Polytrack surface at Keeneland training track.

Polytrack surface at Keeneland training track.

Anne M. Eberhardt

Turfway Park First to Install Polytrack on Main Track

Turfway Park will be the first racetrack in North America to install a Polytrack surface on its main track, Turfway president Bob Elliston announced April 27 at a press conference at Keeneland.

The new synthetic surface, a blend of fibers and recycled rubber and silica covered with a wax coating on top of a vertical drainage system, will replace Turfway's conventional one-mile dirt track and is scheduled to be in place by the 2005 fall meet that begins Sept. 7, Elliston said.

Keeneland, which co-owns the Northern Kentucky track with Harrah's and GTECH, began using Polytrack on its five-eighths-mile training track in September 2004 as a test. Keeneland partners with Martin Collins International as the North American distributor of the product.

"This surface is phenomenal," Elliston said of Keeneland's Polytrack training surface. "I'm not sure there has been an introduction of something in racing that has been so universally purported and lauded by the horsemen, by the trainers, and by race fans who come down and watch (horses train) every morning."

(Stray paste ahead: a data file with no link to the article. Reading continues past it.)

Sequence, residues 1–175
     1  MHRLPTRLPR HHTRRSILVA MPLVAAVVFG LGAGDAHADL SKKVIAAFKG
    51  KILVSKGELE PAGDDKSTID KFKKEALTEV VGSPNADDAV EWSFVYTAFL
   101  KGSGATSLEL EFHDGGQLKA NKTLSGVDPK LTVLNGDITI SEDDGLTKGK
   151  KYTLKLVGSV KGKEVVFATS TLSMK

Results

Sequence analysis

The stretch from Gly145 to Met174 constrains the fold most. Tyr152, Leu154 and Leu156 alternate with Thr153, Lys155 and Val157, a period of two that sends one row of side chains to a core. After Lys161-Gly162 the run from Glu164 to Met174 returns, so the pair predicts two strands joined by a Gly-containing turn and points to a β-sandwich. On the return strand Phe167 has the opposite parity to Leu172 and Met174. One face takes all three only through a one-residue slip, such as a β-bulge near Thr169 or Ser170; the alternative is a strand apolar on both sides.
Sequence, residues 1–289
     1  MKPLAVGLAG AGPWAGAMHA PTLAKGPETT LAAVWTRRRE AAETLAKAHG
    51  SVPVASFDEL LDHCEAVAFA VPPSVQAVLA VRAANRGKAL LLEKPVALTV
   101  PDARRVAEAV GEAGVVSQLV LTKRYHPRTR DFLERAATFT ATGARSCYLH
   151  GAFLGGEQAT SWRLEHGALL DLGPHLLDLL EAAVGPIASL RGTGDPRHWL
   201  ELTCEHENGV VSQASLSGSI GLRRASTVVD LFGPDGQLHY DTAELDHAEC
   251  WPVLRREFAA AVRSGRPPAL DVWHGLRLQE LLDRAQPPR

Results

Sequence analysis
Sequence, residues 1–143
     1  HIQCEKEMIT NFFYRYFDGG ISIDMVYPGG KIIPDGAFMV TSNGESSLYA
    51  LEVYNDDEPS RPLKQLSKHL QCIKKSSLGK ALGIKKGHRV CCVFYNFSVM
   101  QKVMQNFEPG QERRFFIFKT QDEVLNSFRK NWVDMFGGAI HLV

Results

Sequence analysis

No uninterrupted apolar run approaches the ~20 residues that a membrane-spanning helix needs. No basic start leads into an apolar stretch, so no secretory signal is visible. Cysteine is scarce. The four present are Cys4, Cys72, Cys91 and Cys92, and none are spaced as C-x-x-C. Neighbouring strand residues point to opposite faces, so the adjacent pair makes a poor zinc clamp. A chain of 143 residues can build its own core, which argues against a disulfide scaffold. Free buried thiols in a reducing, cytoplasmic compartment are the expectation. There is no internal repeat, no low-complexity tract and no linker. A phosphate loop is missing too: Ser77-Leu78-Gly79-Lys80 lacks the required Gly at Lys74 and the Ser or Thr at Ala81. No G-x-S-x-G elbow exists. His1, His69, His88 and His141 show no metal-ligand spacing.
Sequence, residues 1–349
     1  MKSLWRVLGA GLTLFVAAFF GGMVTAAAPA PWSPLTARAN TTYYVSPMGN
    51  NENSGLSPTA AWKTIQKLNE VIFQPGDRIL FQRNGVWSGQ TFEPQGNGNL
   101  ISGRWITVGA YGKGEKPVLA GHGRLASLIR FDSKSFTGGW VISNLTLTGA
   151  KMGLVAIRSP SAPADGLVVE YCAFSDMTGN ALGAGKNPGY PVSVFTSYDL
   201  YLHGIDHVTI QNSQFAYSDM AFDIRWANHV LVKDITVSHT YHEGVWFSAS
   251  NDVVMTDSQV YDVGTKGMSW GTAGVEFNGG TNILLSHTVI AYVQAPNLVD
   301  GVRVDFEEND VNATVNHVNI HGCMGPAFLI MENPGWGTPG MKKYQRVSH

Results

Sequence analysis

Polytrack is designed to provide a consistent racing surface and to withstand extreme weather conditions, which makes it an obvious choice for Turfway, which conducts racing during Kentucky's harsh winter months, Elliston said.

"This (surface) will allow us to race continually through the winter months as well as train through those months," Elliston said.

During the 2005 winter/spring meet, four cards were canceled after two or more races had been run, and seven full cards were canceled due to weather-related conditions. Elliston said with the new racing surface, he would like to see the racetrack also serve as a training facility in the summer months.

Keeneland president Nick Nicholson said he wouldn't be surprised if he made the same announcement about installing Polytrack on Keeneland's main track a year from now.

"I would say there's more than a chance," Nicholson said. "We said we would go four seasons before we made a decision. We will go through the summer now and then make a decision."

Though Elliston wouldn't offer specifics, he said installing Polytrack would cost "a significant amount of money." He also said he's confident the new surface would be installed by September. There is no backup plan in place if the deadline isn't met.

A new safety rail will also be installed at Turfway. The process of tearing out the old rail and preparing the track for installation began April 27.